20 Sep 2013

Not Everyone Saw the Recession Coming

Economics 7 Comments

Oh man, I saw this op ed by Don Luskin linked by a recent Krugman post. (Well, it might have been from somebody Krugman linked.) I was annoyed with Krugman and the guy he was linking, but Luskin’s piece stole the show. At this point, let me just tell you that Luskin wrote this while George W. Bush was still in office. Check out some of these quotes:

“It was the worst of times, and it was the worst of times.”

I imagine that’s what Charles Dickens would conclude about the current condition of the U.S. economy, based on the relentless drumbeat of pessimism in the media and on the campaign trail….

It’s a virus — and it’s spreading. Do a Google News search for “since the Great Depression,” and you come up with more than 4,500 examples of the phrase’s use in just the past month.

But that doesn’t make any of it true. Things today just aren’t that bad. Sure, there are trouble spots in the economy…And unemployment figures are up a bit, too. None of this, however, is cause for depression — or exaggerated Depression comparisons.

Overall, the pessimists are up against an insurmountable reality: In the last reported quarter, the U.S. economy grew at an annual rate of 3.3 percent, adjusted for inflation. That’s virtually the same as the 3.4 percent average growth rate since — yes — the Great Depression.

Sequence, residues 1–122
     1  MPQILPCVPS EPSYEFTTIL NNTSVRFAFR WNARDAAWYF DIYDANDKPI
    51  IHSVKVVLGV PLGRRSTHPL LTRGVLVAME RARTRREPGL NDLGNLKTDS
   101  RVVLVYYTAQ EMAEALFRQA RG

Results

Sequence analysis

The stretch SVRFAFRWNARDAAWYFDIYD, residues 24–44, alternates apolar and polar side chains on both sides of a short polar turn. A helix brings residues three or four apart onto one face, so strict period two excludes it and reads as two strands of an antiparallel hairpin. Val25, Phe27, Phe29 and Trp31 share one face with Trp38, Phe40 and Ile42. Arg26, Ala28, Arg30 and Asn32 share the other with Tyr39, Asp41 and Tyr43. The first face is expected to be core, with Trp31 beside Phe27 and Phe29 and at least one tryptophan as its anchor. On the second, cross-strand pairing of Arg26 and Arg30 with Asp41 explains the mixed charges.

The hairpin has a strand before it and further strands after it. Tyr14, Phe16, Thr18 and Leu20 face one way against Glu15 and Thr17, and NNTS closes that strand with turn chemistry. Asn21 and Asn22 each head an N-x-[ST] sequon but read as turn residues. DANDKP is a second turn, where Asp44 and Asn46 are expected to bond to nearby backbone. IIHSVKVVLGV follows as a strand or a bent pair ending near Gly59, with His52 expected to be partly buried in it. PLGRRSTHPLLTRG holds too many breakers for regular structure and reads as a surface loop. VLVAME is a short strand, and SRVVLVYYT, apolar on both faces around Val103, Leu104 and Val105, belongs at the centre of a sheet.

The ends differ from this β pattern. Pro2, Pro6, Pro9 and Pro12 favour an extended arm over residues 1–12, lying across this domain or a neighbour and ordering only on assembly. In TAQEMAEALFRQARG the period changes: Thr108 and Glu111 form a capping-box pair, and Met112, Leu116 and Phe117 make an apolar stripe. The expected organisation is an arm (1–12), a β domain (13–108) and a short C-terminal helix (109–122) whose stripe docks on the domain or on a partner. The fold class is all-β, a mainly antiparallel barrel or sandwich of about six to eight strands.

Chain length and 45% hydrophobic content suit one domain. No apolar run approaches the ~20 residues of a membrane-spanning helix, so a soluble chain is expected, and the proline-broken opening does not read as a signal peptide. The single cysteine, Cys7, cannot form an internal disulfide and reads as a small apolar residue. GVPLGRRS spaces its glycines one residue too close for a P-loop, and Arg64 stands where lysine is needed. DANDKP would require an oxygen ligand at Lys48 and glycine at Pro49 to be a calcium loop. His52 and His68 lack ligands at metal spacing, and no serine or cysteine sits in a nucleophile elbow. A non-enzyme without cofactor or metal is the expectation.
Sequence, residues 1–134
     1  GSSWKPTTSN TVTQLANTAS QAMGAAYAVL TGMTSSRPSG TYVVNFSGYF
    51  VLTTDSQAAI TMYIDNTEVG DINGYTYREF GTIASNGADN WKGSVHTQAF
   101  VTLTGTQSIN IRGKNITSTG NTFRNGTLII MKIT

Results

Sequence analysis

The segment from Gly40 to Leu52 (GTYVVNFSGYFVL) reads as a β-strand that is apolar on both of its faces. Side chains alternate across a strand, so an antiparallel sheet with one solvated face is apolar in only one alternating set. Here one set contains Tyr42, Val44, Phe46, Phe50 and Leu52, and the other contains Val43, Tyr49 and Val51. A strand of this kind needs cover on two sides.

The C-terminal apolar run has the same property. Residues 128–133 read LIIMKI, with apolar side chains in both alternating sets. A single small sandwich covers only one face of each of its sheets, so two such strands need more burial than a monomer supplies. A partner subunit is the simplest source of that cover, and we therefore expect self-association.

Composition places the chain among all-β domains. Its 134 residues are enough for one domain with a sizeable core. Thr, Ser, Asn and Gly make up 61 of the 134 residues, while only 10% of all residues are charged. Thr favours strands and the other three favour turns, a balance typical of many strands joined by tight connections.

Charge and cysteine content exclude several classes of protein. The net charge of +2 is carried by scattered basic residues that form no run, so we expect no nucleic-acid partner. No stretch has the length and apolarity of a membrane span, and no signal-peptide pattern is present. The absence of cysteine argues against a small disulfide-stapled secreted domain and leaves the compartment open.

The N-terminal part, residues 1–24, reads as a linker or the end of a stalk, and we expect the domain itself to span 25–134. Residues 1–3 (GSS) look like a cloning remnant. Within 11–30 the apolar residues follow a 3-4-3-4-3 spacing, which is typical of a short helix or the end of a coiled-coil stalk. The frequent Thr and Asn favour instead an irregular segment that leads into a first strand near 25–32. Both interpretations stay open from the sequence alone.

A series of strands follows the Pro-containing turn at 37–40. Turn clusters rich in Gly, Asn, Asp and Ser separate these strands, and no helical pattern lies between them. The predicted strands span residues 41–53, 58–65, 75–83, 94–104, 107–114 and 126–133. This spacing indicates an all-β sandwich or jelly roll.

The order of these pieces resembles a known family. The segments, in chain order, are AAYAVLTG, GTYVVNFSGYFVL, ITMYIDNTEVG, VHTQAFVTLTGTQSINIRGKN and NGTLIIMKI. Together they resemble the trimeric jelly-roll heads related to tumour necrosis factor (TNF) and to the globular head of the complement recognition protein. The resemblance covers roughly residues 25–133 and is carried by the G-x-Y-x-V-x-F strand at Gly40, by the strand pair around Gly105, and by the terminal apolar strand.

Why, then, does the public appear to agree with the media? A recent Zogby poll shows that 66 percent of likely voters believe that “the entire world is either now locked in a global economic recession or soon will be.” Actually, that’s a major clue to what started this thought-contagion about everything being the worst it has been “since the Great Depression”: Politics.

So much for [candidate] Obama’s hyperbole about our terrible economy. But what about the media’s?

A housing “slump,” a housing “crisis”? A “severe” price decline? According to the latest report from the National Association of Realtors, the median price of an existing home is up 8.5 percent from the low of last February. And according to the U.S. Census Bureau, the median price of a new home is up 1.3 percent from the low of last December. Home prices may not be at all-time highs — and there are pockets of continuing decline in some urban areas — but overall they’ve clearly stopped going down and have started to recover. So why keep proclaiming a “crisis” after it’s over?

This would suggest that anyone who says we’re in a recession, or heading into one — especially the worst one since the Great Depression — is making up his own private definition of “recession.” And probably for his own political purposes.

Whatever the political outcome this year, hopefully this will prove to be yet another instance of that iron law of economics and markets: The sentiment of the majority is always wrong at key turning points. And the majority is plenty pessimistic right now. That suggests that we’re on the brink not of recession, but of accelerating prosperity.

Yikes! That’s pretty bad, right? Now for the kicker: Luskin’s piece ran in the Washington Post on September 14, 2008. The day before Lehman filed for bankruptcy.